Power is a family business in Azerbaijan, where wealthy but ageing oligarchs have held the reins of politics and business since the country achieved independence in 1991. A traditional patriarchal society, Azerbaijan over the last two decades has seen the formation of clusters of power that monopolise politics and entire sectors of the economy, in a system that US diplomats in leaked embassy cables have likened to feudalism in the Middle Ages.
Built around family lines, these clusters are centred around a ‘godfather’ figure, and include offspring, the spouse and the spouse's family. As the heads of these families enter their late 50s and 60s, a new generation is moving to replace them. But are the sons and daughters of the wealthy independent and experienced enough to take over the country? And, more importantly, will their presence bring any changes to this authoritarian and corrupt oil-rich country?
The Aliyev siblings
President Ilham Aliyev and first lady Mehriban Aliyeva have three children together: Leyla (30 years old), Arzu (28), and Heydar Jr (18). Ever since their father became president in 2003, the three presidential offspring have immersed themselves in business and public life, amassing so much valuable property it beggars belief that it is all the fruits of their own hard work.
Leyla, the fetching and fashionable eldest daughter, is very much following in her mother's footsteps, in that she is the most public of all the siblings, is engaged in numerous private businesses and public activities, but maintains a distinguished and polished public presence.
Amassing an impressive portfolio of civil society activities funded with public money through the Heydar Aliyev Foundation, 30-year-old Leyla has managed to maintain her fashion icon image while having three children, starting and ending a marriage with singer Emin Alagarov, and dabbling in business, charity, environmentalism, diplomacy and international promotional activities. It’s an array of activities so vast it puts many a 30-year-old to shame.
Vice president of the Heydar Aliyev Foundation (her mother is president), the organisation that reportedly builds more schools in Azerbaijan than the education ministry and organises more cultural events than the culture ministry, Leyla is a woman with numerous interests. She pursued a master's degree at the Moscow State Institute of International Relations, but then moved to become the editor-in-chief of fashion magazine Baku, while supporting the disenfranchised in Azerbaijan through charitable work in schools and kindergartens, cultural events for struggling artists, support activities for persons with physical impairments, and, more recently, environmental awareness campaigns. The soft-spoken Leyla might not be heard speaking English in public frequently – though she is fluent in Russian – but her environmental activism earned her space in the Huffington Post.
In addition to her charitable work, Leyla is also a hectic businesswoman. A series of Radio Free Europe/Radio Liberty (RFE/RL) investigations found Leyla and her sister Arzu are co-owners of numerous offshore companies, registered in places such as Panama and the British Virgin Islands that, in turn, co-own companies like Silkway Holding, which controls airport ground services in Azerbaijan; the Azerbaijan International Mineral Resources Operating Company (AIMROC), which controls a 70% stake in a gold mine worth $2.5bn; as well as Nar Mobile/Azerfon, the third largest telecommunications operator in Azerbaijan, which was reportedly granted preferential treatment by the administration over incumbent Azercell.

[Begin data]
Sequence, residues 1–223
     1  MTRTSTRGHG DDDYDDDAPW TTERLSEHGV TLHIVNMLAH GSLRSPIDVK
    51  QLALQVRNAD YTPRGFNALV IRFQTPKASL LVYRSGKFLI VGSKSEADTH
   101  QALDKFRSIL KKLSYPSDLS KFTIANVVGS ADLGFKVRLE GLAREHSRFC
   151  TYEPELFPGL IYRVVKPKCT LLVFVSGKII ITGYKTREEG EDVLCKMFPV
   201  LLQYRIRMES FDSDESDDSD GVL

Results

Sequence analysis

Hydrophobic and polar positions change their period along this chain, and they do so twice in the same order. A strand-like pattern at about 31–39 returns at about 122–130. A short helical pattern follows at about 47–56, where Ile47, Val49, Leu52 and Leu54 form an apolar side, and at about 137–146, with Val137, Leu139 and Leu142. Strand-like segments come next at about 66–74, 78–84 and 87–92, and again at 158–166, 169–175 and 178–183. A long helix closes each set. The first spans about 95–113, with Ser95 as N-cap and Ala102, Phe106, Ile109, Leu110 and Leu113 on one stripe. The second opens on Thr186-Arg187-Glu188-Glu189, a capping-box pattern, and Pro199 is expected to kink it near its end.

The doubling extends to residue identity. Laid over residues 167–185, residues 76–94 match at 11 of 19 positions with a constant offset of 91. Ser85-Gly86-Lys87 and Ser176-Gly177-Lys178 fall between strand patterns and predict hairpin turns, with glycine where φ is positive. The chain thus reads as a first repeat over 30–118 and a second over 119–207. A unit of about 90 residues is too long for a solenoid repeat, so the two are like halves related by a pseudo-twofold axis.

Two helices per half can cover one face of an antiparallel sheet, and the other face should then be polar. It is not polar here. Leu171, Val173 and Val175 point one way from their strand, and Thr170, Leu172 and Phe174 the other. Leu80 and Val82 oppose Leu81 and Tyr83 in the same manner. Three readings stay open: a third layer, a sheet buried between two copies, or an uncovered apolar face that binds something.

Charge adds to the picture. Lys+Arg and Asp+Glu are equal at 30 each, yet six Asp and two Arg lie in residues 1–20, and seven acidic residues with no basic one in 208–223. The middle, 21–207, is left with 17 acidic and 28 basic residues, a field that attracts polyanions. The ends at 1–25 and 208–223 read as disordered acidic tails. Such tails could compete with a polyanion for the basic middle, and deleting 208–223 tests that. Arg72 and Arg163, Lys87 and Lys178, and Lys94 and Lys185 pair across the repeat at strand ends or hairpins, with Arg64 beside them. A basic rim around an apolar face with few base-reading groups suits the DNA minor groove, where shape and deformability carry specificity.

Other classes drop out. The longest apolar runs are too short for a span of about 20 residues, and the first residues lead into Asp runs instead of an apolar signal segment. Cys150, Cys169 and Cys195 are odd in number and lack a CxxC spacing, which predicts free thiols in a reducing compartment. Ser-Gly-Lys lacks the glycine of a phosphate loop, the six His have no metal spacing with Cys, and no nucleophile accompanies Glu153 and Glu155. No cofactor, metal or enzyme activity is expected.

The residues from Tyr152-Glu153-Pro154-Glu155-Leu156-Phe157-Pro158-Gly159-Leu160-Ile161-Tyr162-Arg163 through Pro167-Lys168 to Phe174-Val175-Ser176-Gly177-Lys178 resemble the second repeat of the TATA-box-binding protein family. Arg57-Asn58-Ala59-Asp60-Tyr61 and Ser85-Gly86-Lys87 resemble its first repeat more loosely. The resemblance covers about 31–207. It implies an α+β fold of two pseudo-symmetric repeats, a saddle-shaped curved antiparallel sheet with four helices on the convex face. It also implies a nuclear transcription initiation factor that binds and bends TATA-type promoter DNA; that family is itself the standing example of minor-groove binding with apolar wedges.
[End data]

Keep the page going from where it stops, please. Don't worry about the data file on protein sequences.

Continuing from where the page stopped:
Her sister Arzu keeps a lower public profile, but her name appears more often in the registration documents for the offshore companies that own these businesses than Leyla's. Also a fashion icon, the younger presidential daughter has taken part in some activities that promote Azerbaijan abroad, such as this 2008 national branding campaign.
Meanwhile, teenager Heydar has had an appetite for expensive acquisitions ever since he was 11 years old, an age when most boys still play with toy cars. How he was able to afford purchasing $44mn worth of real estate in Dubai at the age of 11 remains a subject of much speculation.
While the Azeri government has refrained from commenting on the RFE/RL, Foreign Policy and Washington Post investigations into the wealth of the first family, Khadija Ismayilova, the journalist that carried out many of these investigations, was sentenced to seven and a half years in jail in September for libel, tax evasion, illegal business activities and abuse of power.
For all of their foibles and dubious sources of wealth, the Aliyev siblings have always behaved themselves immaculately in public. The same can’t be said for Anar Mammadov, son of Transport Minister Ziya Mammadov and head of one of the largest conglomerates in Azerbaijan, Garant Holding.
Anar, who holds an MBA from the American Intercontinental University in London, claims to have launched Zqan Holding, Garant Holding's precursor, in 2000 when he was only 19 years old. Today, Garant and its partners virtually monopolise the transport sector in Azerbaijan, and receive large government contracts for bus and taxi services, construction and cargo transport. In addition to transport, Anar's business operations span international trade, gas production, banking, telecoms and hospitality in Azerbaijan, Turkey and the UK.
The young businessman is also active in lobbying for Azerbaijan abroad. Since founding the Azerbaijani American Alliance (AAA), Anar has managed to attract prominent American politicians to his group, such as Dan Burton, a former congressman from Indiana, who served as the alliance's chairman. AAA has also managed to gather a group of 60 US legislators to form an Azerbaijan Caucus within the House of Representatives, and paid for some of them to visit Azerbaijan in 2013.